Saturday, 25 April 2015
Friday, 24 April 2015
This was billed as a morning walk for more dilapidated members of the East Lancashire Lodge of the Long Distance Walkers Association. By no means a ‘Long Distance Walk’!
“Meet at Bury Metro Station (SD 804 105) at 10.30 am for a muddled (perhaps muddied) route via Greenmount to the Hare and Hounds in Holcombe Brook.” said the flier, “approx 10 km (6 miles)”.
And so it was, apart from the mud. We even failed to miss any turns or manage a ‘Martin’s Meander’ – apart from an enforced diversion due to a path closure.
From Bury Metro terminus we soon found our way past nesting swans to a bridge over the Irwell. Here’s the view towards Bury. All very green and fresh, despite being a few metres from the town centre – but can you spot the shopping trolley?
Soon after a tea and cake break by the pedalling cyclist (pictured above) and his two henchmen (Laurel and Hardy), we abandoned the easy stroll along the disused railway in favour of some ducking and diving beside Kirklees Brook. Here’s today’s team, including John’s mate, Les, who hadn’t been for a walk for six months and had been told it would be three miles on the flat! Whatever is the LDWA coming to?!
Much to my surprise, we managed to stick to my convoluted plans until reaching a barrier near Tower Farm. Work was clearly under way, so we headed off in another direction.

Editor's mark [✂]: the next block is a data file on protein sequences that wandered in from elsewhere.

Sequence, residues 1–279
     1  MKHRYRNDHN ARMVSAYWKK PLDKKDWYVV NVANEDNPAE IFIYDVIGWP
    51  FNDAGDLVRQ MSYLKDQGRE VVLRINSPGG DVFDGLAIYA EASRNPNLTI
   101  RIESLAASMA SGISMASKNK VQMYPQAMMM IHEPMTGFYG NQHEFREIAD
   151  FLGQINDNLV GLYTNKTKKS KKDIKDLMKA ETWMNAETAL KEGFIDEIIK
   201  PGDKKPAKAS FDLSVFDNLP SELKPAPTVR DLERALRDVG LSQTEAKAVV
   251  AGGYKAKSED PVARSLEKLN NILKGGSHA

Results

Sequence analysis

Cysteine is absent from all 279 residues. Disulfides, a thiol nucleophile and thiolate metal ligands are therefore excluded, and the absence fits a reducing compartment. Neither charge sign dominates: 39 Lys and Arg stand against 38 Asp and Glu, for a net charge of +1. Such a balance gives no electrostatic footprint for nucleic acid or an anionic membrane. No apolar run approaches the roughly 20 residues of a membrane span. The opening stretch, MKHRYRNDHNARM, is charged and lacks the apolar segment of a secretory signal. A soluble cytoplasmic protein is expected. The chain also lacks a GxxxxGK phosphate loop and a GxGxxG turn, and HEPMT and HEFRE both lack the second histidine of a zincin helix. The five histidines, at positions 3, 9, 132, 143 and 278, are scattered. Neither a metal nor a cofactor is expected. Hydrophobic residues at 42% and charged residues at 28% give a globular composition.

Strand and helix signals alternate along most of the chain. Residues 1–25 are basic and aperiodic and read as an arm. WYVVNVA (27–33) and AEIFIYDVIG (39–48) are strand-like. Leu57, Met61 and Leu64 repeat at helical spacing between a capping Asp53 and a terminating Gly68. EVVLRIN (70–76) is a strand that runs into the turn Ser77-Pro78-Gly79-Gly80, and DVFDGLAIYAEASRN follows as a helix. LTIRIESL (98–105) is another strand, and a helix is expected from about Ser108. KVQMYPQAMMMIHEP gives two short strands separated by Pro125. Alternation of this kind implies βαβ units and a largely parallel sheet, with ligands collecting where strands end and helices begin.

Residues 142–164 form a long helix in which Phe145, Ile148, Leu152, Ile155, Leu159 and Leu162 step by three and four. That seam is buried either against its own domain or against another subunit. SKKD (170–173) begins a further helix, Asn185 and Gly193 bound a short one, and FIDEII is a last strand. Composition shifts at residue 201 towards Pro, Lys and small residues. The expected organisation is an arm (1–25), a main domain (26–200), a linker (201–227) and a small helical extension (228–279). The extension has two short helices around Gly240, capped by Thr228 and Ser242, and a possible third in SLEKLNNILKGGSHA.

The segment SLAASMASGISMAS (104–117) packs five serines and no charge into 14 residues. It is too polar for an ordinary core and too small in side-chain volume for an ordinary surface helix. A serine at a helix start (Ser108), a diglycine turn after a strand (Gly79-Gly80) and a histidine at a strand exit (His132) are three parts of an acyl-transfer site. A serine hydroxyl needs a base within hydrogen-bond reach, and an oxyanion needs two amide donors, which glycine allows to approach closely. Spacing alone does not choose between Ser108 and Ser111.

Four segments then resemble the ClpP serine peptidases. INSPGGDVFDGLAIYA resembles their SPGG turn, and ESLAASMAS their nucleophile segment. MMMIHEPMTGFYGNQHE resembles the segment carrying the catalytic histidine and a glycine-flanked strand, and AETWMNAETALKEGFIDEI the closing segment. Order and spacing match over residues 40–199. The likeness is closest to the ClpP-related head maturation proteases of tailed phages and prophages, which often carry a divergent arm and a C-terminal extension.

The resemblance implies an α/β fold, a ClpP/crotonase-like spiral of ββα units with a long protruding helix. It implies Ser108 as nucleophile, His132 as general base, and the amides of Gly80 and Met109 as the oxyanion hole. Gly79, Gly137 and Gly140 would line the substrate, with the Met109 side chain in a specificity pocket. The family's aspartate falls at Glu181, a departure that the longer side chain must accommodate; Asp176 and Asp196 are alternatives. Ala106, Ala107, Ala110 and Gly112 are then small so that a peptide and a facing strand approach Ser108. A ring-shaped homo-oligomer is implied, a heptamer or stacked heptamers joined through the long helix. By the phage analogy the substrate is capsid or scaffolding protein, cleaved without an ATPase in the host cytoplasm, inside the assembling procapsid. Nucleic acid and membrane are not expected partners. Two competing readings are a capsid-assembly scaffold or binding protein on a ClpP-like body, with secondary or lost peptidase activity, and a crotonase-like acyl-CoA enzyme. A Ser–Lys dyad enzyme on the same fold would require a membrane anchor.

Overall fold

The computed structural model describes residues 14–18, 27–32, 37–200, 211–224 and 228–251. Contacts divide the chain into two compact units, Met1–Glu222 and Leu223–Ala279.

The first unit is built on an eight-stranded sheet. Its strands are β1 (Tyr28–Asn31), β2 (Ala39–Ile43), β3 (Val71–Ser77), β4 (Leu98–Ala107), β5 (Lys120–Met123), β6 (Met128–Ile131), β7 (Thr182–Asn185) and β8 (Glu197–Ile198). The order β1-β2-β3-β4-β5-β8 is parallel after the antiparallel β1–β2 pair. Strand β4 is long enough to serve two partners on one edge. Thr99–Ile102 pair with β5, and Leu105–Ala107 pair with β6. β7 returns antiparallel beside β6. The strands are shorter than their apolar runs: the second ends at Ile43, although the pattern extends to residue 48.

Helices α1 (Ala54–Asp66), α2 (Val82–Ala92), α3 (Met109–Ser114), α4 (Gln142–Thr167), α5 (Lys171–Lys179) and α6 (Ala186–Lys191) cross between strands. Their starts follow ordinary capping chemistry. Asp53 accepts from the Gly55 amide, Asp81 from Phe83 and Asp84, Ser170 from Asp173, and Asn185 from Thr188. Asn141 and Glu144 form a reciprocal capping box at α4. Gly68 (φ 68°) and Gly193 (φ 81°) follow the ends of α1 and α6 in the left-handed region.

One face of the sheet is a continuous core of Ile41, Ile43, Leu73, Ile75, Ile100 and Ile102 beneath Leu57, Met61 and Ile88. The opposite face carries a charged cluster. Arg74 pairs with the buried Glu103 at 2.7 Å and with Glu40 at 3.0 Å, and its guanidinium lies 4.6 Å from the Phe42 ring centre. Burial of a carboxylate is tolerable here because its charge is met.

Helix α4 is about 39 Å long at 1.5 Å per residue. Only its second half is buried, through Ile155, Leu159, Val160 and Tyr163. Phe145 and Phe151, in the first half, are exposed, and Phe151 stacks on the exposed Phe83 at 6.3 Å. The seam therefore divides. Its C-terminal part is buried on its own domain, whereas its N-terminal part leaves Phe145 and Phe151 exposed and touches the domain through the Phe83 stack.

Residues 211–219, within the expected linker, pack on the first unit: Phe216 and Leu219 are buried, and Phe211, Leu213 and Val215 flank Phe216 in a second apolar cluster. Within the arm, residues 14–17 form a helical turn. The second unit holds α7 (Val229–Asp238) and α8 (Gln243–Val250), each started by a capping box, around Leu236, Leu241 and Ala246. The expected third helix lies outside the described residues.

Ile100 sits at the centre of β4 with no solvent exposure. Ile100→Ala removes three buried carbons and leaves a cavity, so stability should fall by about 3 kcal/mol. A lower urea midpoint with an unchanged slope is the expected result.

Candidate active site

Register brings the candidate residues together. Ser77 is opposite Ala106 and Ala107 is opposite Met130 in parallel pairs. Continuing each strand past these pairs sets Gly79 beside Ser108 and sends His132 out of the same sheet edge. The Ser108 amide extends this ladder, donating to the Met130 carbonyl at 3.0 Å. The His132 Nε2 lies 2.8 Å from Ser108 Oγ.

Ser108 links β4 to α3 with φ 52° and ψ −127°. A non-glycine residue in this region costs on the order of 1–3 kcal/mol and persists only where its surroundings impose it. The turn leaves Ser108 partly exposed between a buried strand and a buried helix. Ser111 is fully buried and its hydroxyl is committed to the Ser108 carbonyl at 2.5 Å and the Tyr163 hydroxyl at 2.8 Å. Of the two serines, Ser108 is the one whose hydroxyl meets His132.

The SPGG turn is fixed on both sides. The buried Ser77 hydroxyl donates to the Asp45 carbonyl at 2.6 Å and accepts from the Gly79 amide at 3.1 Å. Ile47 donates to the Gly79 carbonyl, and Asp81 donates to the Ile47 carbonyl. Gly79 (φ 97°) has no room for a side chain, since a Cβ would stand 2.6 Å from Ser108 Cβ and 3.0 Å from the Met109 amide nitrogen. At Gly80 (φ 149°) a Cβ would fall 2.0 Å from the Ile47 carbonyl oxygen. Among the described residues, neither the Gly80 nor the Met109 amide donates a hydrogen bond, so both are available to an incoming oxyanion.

That led to a slither down a bank with good handholds (roots) and a splash across the Brook. I think we all kept our feet dry though, and there was certainly no mud after a couple of weeks of fine weather, though the lesser celandine, butterbur, forgetmenots and other flowers were rampant.
Those of us who take part in the ‘Two Crosses’ challenge walk recognised the view below – the viaduct at the end of the reservoir is crossed near the end of that 26 mile walk.
My planned route passed right next to Tower Farm, but the diversion took us a little further from it. The tower looks recently refurbished.
Nearby, an emu seemed to be enjoying slightly squalid conditions.
Across the railway and around the golf course at Greenmount, the temperature rose and the Peel Tower above Ramsbottom drew closer.
Now we were well and truly on the Two Crosses route in reverse. I hadn’t noticed this when planning the route, so it was rather odd to find we were walking on familiar paths. It was a glorious summery day.